Even though the U.S. has spent more than $8 billion on efforts to thwart the opium cultivation and trade in Afghanistan, the problem is “worse than ever,” according to the latest report to Congress by the Special Inspector General for Afghanistan Reconstruction (SIGAR).
Afghanistan remains the world’s leading producer of opium, “with production hitting an all-time high last year,” wrote John F. Sopko, the author of the Oct. 30 report. Sopko is SIGAR’s special inspector general.
The ongoing results are a country with a populace mired in addiction-related misery, and a stream of money to fund the efforts of insurgents.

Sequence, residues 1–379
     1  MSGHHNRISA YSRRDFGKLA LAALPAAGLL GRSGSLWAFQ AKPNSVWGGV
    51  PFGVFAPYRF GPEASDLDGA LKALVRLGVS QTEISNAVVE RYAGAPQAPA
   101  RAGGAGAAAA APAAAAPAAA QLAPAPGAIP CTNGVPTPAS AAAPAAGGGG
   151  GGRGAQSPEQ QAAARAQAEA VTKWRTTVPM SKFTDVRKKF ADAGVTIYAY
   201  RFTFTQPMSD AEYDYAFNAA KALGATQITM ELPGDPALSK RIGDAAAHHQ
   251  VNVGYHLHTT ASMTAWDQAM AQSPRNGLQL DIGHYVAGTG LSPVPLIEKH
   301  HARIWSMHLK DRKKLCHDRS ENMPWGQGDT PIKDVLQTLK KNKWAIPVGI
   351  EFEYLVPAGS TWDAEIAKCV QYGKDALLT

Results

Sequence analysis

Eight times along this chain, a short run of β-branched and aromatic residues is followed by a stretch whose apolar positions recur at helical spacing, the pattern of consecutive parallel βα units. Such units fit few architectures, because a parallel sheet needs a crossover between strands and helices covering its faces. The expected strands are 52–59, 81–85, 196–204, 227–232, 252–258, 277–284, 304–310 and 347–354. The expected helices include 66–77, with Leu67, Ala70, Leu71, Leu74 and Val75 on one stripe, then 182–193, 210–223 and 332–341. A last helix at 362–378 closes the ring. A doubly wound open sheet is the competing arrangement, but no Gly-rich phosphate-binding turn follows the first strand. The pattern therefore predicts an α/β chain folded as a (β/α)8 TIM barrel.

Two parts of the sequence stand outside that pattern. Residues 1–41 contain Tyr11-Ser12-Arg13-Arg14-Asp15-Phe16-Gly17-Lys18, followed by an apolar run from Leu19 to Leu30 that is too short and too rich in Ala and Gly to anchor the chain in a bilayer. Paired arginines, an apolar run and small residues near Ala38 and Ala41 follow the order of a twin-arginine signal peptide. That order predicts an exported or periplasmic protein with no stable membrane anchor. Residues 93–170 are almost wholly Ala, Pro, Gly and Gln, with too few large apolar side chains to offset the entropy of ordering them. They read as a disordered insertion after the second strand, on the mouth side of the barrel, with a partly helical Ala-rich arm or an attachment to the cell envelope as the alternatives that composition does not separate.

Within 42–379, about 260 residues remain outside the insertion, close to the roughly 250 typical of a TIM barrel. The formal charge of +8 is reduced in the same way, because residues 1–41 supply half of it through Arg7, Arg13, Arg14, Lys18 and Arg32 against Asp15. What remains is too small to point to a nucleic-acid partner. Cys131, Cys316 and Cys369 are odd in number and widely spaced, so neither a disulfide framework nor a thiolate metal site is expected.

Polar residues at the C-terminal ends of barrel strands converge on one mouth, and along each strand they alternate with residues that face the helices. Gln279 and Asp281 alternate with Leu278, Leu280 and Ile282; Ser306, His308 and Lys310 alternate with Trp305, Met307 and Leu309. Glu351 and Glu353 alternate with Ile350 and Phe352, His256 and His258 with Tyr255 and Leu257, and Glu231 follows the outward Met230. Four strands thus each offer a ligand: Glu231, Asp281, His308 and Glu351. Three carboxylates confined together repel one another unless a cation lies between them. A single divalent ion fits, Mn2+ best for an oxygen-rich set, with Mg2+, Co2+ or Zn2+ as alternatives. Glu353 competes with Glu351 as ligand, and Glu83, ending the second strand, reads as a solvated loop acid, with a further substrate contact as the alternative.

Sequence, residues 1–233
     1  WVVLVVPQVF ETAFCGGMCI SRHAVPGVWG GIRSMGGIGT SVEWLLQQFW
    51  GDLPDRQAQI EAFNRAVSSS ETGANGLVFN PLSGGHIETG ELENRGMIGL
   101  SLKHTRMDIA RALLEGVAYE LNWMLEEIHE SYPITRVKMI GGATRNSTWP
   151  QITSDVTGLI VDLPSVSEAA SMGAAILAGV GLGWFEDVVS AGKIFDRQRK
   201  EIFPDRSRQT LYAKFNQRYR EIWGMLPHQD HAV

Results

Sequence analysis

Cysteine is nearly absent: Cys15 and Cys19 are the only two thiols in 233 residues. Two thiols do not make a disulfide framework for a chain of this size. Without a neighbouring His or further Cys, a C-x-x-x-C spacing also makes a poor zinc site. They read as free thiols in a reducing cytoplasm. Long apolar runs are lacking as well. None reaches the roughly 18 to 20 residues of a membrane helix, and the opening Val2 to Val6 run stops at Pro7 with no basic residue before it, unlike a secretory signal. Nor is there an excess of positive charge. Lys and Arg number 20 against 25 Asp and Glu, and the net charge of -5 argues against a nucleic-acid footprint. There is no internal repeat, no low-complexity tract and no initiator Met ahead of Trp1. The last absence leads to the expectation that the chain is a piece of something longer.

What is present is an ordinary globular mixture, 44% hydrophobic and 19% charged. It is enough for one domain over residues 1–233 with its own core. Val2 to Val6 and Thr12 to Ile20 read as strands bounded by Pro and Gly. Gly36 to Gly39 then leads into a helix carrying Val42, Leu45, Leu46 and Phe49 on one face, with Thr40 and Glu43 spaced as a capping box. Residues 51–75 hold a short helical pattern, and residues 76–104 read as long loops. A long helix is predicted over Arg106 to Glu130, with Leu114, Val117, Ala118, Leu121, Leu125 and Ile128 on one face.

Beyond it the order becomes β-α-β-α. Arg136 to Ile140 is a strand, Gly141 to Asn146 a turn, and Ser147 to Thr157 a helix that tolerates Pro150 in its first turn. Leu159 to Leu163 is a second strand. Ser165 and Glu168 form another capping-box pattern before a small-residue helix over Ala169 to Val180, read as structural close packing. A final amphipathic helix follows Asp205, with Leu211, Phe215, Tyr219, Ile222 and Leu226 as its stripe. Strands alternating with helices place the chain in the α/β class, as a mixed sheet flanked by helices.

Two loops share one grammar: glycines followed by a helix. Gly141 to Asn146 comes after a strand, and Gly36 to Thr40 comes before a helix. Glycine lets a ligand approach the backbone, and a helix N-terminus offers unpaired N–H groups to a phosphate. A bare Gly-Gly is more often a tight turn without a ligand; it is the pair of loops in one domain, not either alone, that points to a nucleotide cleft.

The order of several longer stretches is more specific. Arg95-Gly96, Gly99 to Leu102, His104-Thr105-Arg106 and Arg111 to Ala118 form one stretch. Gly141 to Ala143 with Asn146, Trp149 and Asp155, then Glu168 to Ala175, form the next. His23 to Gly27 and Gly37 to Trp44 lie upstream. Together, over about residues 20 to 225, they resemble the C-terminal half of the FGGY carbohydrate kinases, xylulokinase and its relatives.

“No counterdrug program undertaken … by the United States, its coalition partners, or the Afghan government resulted in lasting reductions in poppy cultivation or opium production,” the report stated.
Sopko also said that both the U.S. military nor the U.S. Agency for International Development (USAID) have stated they have no counter-narcotics mission in Afghanistan, or plans to implement one – a stance that that will become the subject of a review at the request of the Senate. U.S. agencies are leaving the anti-narcotics mission to the Afghan government.
The report also included results of two SIGAR audits. One concluded that despite USAID’s three-year, $89.7-million effort to promote gender equality in Afghanistan, the agency has yet to assess the initiative’s results. The other examined the results of several infrastructure-related projects, which resulted in “$414.6 million in questioned costs.”
The report also cited other illegal activities that resulted in 132 criminal convictions and $1.5 billion in savings and recoveries to the U.S. government.